Prosecution of O'Brien, Meagher and Mitchel - The Last Conquest of Ireland (Perhaps)

John Mitchel
Author’s Edition (undated)

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moment to crush the first movement in the blood of our citizens.

The meeting, as I said, was adjourned; but there was no intention of abandoning it. O'Brien had offered, even in case of a Proclamation forbidding it, to attend and take the chair; and what he promised, the enemy well knew he would perform. In a letter to Lord Clarendon, I felt myself warranted in apprising him that the meeting would assuredly take place on the following Monday, whatever he might do or say to the contrary. It was held in a vacant space near the river, below the Custom House, and was multitudinous and enthusiastic. No parade of troops was attempted; but we knew that the public buildings and some private houses were filled with detachments under arms. These addresses, both from the Confederation and from the city, were to be presented in Paris to the President of the Provisional Government, M. de Lamartine; and O'Brien, Meagher, and an intelligent tradesman of high character and independence of mind, named Hollywood, were appointed a deputation to Paris.

All this, it was evident, could not go on long. The Clubs were, in the meantime, rapidly arming themselves with rifles; and blacksmiths' forges were prolific of pikeheads. We hoped, and the Government feared, that no armed collision would be made necessary until September, when the harvest would be all cut, and when the commissariat of the people's war, the cause of the war, and the prize of the war, would be all bound up in a sheaf together. But the foe we had to deal with was no weak fool. The Government understood our views thoroughly, and resolved to precipitate the issue somehow or other. On the morning after that meeting of Dublin citizens, three of us—Smith O'Brien, Mr Meagher, and myself, were politely waited on by a police magistrate, and requested to give bail that we would stand our trial on a charge of sedition. The ground of prosecution in the two former cases was the language held at the meeting of the Irish Confederation (quoted above in part);—in my case, there were two distinct indictments, for two articles in the United Irishman. I was to have two trials, so that if one should fail another might happily succeed. Trials for sedition we regarded as child's play, and showed that we so regarded them. O'Brien and Meagher proceeded to France and presented their address.* ...continue reading »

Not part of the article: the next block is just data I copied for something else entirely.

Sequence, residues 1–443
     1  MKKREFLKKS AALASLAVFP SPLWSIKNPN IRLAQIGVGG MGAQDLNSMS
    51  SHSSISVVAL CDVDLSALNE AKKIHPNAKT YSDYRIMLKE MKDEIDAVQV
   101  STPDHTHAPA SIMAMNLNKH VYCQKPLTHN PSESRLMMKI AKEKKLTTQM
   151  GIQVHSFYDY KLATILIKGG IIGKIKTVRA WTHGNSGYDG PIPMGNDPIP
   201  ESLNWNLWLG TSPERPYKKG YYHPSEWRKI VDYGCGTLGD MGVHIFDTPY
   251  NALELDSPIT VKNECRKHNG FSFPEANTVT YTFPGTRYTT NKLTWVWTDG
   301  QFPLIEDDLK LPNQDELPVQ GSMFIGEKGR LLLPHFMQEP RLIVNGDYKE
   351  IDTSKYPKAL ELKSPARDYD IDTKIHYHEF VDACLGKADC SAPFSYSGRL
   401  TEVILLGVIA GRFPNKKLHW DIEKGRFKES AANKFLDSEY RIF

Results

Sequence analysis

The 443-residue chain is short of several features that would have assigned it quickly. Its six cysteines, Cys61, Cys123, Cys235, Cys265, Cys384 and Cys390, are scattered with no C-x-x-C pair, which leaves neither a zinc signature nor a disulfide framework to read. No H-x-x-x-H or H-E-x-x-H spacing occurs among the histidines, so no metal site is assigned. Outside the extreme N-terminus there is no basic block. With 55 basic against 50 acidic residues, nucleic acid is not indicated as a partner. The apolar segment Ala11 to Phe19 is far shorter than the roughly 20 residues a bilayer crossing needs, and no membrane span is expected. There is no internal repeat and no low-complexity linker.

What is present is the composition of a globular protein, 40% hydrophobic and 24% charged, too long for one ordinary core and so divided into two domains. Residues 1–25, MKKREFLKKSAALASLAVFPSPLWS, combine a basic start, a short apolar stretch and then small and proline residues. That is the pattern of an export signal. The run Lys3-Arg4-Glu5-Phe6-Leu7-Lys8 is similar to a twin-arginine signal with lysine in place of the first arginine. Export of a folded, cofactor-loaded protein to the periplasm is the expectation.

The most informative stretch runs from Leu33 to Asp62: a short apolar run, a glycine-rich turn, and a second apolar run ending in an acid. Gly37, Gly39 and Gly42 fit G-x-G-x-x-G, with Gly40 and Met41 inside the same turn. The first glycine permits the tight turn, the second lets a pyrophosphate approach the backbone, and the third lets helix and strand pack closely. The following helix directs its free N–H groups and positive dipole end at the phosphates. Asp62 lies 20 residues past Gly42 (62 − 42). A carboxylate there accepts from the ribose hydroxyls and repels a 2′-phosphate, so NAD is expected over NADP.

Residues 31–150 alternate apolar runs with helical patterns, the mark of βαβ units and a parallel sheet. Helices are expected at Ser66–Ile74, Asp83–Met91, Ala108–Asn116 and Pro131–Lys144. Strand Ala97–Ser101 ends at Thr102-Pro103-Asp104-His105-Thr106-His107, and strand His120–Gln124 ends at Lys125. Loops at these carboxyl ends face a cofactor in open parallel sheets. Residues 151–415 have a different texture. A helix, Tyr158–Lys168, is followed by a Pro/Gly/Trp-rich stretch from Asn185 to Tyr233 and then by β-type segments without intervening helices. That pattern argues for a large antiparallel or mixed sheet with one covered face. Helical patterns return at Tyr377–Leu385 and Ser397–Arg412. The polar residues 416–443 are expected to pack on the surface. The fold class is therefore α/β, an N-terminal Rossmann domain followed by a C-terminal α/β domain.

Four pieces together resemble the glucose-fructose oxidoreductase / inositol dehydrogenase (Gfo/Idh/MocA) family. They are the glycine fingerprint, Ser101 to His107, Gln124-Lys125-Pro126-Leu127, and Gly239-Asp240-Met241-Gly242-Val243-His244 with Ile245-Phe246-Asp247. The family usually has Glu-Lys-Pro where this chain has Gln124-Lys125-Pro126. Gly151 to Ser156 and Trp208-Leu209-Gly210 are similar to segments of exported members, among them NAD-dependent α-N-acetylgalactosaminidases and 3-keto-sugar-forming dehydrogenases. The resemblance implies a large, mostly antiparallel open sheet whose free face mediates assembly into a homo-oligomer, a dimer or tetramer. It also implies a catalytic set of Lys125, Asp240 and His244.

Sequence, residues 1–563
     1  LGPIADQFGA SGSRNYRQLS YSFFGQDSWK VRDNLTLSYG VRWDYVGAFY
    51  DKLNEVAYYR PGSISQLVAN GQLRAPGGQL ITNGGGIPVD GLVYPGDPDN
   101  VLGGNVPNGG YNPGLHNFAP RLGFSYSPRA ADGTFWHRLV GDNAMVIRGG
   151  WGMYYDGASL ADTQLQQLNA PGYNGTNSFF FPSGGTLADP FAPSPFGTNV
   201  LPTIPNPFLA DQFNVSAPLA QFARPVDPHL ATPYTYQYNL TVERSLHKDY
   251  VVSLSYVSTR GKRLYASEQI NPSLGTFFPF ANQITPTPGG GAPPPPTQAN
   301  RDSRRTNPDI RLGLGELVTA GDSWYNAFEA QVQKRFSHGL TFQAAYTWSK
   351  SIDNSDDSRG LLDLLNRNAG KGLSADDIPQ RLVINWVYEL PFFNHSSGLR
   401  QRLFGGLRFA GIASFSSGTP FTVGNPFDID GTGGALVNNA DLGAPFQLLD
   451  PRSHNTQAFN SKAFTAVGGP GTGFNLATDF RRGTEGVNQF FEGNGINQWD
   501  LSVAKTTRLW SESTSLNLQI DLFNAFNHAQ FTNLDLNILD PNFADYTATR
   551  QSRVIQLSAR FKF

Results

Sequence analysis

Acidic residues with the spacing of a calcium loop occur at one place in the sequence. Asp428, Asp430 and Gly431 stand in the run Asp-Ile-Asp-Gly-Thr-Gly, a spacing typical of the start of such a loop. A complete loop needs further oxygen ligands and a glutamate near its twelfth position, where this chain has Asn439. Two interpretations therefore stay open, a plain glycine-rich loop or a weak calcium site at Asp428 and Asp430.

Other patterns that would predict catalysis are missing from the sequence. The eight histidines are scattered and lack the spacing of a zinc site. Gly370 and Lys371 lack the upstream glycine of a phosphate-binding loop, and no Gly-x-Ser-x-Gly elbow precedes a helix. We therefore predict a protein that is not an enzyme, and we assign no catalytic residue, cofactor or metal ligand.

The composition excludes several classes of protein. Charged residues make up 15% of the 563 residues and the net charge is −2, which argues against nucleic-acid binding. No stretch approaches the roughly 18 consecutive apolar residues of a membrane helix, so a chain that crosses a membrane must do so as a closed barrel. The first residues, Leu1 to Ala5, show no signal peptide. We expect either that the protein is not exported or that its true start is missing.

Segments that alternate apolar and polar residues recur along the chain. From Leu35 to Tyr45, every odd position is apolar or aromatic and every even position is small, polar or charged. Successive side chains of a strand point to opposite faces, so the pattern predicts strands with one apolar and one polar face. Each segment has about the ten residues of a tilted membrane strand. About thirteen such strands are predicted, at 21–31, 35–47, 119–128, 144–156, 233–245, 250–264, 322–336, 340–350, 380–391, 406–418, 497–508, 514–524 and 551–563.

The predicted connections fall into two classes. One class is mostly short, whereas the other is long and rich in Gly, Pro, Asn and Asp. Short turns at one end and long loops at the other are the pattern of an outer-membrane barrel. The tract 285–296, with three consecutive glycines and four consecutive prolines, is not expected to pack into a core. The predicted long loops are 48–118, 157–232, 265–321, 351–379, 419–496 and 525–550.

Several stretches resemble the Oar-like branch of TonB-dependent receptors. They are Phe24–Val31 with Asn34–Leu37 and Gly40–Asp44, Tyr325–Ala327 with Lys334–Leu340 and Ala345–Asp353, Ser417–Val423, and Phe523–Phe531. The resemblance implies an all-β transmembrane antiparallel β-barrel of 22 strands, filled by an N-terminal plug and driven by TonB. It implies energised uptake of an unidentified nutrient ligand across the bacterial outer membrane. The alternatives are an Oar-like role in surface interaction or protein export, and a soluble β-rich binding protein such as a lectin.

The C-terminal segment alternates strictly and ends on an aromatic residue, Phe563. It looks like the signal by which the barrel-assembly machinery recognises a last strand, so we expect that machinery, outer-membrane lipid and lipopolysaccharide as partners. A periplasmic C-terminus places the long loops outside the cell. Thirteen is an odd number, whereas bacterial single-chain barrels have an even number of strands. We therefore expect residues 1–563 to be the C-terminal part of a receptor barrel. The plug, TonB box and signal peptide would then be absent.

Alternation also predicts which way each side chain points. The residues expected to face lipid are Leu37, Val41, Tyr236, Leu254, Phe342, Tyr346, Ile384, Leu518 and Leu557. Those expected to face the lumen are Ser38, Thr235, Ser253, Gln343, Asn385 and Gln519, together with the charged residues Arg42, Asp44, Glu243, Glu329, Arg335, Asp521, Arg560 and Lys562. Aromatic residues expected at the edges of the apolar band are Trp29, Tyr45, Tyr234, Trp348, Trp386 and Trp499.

* These were mere addresses of congratulation and of sympathy. De Lamartine made a highly poetic but rather unmeaning reply to them. He afterwards, in his History, violently misrepresented them; being, in fact, a mere Anglo-Frenchman. Mr O'Brien convicted him of these misrepresentations. I content myself here with pronouncing the ...continued on next page »

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